Results 1  10
of
52
The infinite PCFG using hierarchical Dirichlet processes
 In EMNLP ’07
, 2007
"... We present a nonparametric Bayesian model of tree structures based on the hierarchical Dirichlet process (HDP). Our HDPPCFG model allows the complexity of the grammar to grow as more training data is available. In addition to presenting a fully Bayesian model for the PCFG, we also develop an effici ..."
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Cited by 63 (6 self)
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We present a nonparametric Bayesian model of tree structures based on the hierarchical Dirichlet process (HDP). Our HDPPCFG model allows the complexity of the grammar to grow as more training data is available. In addition to presenting a fully Bayesian model for the PCFG, we also develop an efficient variational inference procedure. On synthetic data, we recover the correct grammar without having to specify its complexity in advance. We also show that our techniques can be applied to fullscale parsing applications by demonstrating its effectiveness in learning statesplit grammars. 1
Painless Unsupervised Learning with Features
"... We show how features can easily be added to standard generative models for unsupervised learning, without requiring complex new training methods. In particular, each component multinomial of a generative model can be turned into a miniature logistic regression model if feature locality permits. The ..."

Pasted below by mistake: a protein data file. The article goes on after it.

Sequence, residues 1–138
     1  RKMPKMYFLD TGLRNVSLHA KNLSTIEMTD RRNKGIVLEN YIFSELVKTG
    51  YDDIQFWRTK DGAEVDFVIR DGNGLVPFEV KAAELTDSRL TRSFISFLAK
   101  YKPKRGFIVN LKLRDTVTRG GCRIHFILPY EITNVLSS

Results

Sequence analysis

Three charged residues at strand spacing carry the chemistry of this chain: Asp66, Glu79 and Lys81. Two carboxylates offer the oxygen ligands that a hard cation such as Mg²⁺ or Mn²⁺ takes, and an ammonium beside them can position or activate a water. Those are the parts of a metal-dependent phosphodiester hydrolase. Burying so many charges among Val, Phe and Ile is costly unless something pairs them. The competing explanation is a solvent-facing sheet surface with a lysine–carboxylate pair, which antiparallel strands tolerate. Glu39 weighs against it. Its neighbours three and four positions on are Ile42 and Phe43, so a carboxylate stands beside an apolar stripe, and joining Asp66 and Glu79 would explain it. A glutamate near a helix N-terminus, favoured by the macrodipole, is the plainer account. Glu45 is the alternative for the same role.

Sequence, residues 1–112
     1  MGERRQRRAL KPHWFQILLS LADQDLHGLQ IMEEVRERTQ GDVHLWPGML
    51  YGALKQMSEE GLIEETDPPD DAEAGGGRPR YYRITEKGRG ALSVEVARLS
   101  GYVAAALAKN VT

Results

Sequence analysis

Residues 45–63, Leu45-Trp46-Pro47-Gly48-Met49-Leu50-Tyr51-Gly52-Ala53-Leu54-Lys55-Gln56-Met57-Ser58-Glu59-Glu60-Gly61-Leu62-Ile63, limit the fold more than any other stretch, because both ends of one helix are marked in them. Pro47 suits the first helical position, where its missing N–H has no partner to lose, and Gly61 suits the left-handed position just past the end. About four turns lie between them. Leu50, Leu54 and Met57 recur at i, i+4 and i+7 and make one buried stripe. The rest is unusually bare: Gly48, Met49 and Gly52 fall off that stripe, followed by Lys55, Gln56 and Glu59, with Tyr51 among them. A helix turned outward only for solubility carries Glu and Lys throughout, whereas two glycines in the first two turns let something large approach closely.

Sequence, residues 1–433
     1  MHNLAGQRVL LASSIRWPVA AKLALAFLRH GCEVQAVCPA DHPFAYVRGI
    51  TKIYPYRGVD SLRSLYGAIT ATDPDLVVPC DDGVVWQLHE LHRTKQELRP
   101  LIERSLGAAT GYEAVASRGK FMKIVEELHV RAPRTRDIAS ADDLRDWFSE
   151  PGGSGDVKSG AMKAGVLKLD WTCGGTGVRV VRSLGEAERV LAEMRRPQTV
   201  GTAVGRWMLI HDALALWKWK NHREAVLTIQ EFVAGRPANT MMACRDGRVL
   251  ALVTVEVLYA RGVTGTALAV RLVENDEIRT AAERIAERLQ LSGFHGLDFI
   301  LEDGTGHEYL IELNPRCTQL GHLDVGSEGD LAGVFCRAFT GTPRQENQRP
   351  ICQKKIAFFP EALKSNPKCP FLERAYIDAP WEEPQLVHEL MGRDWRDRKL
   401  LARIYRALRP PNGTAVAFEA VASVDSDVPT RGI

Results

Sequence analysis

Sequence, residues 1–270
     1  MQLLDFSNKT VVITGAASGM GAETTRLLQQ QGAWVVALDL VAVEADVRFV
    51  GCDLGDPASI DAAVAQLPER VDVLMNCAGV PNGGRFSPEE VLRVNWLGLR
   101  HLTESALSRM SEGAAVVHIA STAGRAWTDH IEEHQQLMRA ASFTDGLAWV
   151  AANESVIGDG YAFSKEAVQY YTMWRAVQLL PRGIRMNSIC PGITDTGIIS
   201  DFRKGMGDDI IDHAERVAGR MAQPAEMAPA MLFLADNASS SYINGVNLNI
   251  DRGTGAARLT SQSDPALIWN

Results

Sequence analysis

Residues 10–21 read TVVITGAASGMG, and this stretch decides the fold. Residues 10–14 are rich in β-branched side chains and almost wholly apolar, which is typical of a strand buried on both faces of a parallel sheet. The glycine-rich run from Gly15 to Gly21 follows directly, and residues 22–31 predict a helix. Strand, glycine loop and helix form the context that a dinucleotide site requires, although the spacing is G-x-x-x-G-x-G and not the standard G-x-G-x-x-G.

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Cited by 54 (3 self)
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We show how features can easily be added to standard generative models for unsupervised learning, without requiring complex new training methods. In particular, each component multinomial of a generative model can be turned into a miniature logistic regression model if feature locality permits. The intuitive EM algorithm still applies, but with a gradientbased Mstep familiar from discriminative training of logistic regression models. We apply this technique to partofspeech induction, grammar induction, word alignment, and word segmentation, incorporating a few linguisticallymotivated features into the standard generative model for each task. These featureenhanced models each outperform their basic counterparts by a substantial margin, and even compete with and surpass more complex stateoftheart models. 1
Church: A language for generative models
 In UAI
, 2008
"... Formal languages for probabilistic modeling enable reuse, modularity, and descriptive clarity, and can foster generic inference techniques. We introduce Church, a universal language for describing stochastic generative processes. Church is based on the Lisp model of lambda calculus, containing a pu ..."